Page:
Surprising facts about dehydration, heat exhaustion and heat stroke

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August 15, 2017

Living in high temperature areas creates many self-proclaimed "experts" about the heat index, dangerous temperatures and related illnesses, such as dehydration, heat exhaustion and heat stroke. But, some facts about the body's reaction to hot weather may surprise even the most "expert" people.
As the peak of South Florida and The Bahamas' treacherous summertime heat approaches, an expert on heat-related illness, Baptist Health Primary Care's Dr. Gabriel Solti-Grasz, said what you might think you know about the effects of high temperatures and humidity on the body may not be enough to prevent a dangerous health crisis.
"Heat stroke is the end of the story," says Dr. Solti-Grasz. "The beginning of the story is where we can prevent a grave situation from quickly evolving."

Preventing dehydration
Dr. Solti-Grasz says preventing dehydration is key, and that the simple recipe for that is water.
"People often don't drink water or liquids until they begin to feel thirsty, but thirst is an indication that the process of dehydration has begun."
Dr. Solti-Grasz recommends drinking water before going out in the heat and continuing to drink water regularly for the duration of time spent outside. If exercising in the heat, he recommends drinking a sports drink with electrolytes to replenish nutrients such as salt and potassium that he said are lost quickly during exertion in high temperatures or high humidity. He said electrolytes help the body function properly, including regulating heart rate and maintaining a healthy body temperature.
He also points out that dehydration, and the subsequent progression to heat stroke, can occur when it's not necessarily hot, if you're not replenishing fluids regularly.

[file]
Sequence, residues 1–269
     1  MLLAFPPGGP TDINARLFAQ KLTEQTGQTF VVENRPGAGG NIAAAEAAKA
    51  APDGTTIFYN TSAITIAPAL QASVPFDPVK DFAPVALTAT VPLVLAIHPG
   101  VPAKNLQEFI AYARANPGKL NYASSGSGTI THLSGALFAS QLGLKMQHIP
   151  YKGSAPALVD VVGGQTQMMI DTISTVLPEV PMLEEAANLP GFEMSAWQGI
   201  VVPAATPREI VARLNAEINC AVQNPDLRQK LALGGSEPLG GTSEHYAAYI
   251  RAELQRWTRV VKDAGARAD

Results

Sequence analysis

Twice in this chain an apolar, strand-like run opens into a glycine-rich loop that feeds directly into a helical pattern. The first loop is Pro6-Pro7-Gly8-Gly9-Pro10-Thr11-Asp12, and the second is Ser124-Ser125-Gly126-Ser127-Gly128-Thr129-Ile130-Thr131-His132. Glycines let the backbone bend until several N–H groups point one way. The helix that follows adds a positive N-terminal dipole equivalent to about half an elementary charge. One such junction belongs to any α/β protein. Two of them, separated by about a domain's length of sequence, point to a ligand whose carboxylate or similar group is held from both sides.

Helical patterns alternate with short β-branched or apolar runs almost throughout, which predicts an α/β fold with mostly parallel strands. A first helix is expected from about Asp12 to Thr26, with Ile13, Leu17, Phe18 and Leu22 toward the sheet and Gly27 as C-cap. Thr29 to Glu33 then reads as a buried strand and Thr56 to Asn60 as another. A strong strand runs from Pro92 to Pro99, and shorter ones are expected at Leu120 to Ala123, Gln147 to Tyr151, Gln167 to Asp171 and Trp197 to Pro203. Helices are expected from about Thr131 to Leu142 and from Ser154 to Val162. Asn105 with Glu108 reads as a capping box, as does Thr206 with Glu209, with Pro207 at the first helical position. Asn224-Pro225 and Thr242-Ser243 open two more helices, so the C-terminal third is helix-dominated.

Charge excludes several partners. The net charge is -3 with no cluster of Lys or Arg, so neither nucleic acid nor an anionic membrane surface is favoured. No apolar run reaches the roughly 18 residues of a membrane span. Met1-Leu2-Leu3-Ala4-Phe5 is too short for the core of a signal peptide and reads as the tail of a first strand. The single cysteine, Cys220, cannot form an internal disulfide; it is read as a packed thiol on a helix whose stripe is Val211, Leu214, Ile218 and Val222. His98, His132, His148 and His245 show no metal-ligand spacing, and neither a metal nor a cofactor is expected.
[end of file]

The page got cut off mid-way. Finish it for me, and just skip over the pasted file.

"When you start to feel symptoms, it's too late for prevention, you must switch to replenishment and recovery," he said.

Signs of dehydration
o Thirst: As soon as you feel thirsty, dehydration is underway.
o Reduced urination: If you don't have to urinate while in the heat, you need to drink more fluids.
o Headache: Once your head starts to hurt, you're likely entering the next phase of heat-related illness -- heat exhaustion.
With any of these signs, or a general sense of not feeling well while in the heat or during exertion, Dr. Solti-Grasz advises that you seek relief by going into an air-conditioned or shaded environment to cool the body down. He also recommends drinking water or a sports drink slowly to replenish lost fluids, while preventing nausea or vomiting.

Heat exhaustion
Heat exhaustion, according to Dr. Solti-Grasz, is the middle category of heat-related illnesses and can quickly turn into heat stroke, if not treated.

Symptoms of heat exhaustion
o Headache: As a heat-related illness progresses, a headache may become more severe.
o Dizziness or lightheadedness: Shakiness and a feeling of instability or weakness often accompanies heat exhaustion.
o Nausea or vomiting: The body prepares for systemic shut down by purging contents in the stomach, including liquids, which can lead to a faster deterioration of health through further dehydration.
o Reduced urination: As your body tries to regulate your temperature, it begins to shut down organs, like your kidneys. This can lead to acute kidney injury.
o Fainting: This is the body's way of taking over to protect vital organs against loss of fluids.
With symptoms of heat exhaustion, Dr. Solti-Grasz advises seeking medical attention right away, including calling 911 or 919, so fluids can be given through an IV as soon as possible. He does not recommend drinking liquids at this stage, as fluids may enter the lungs through the trachea or airway.

Higher risk individuals
He said even Bahamians and South Floridians who have grown more accepting of the heat should understand that they run the risk of serious heat-related illnesses, including heat stroke, without taking protective measures.
Dr. Solti-Grasz said children and the elderly, as well as those individuals with cardiovascular or liver disease, are most susceptible to heat-related illnesses.

"For these groups, the process of dehydration occurs much faster, as the body's compensatory measures don't work as efficiently," he said, adding that these individuals should be closely monitored while in the heat and high humidity.

Click here to read more at The Nassau Guardian

News date : 08/15/2017    Category : Health, Nassau Guardian Stories

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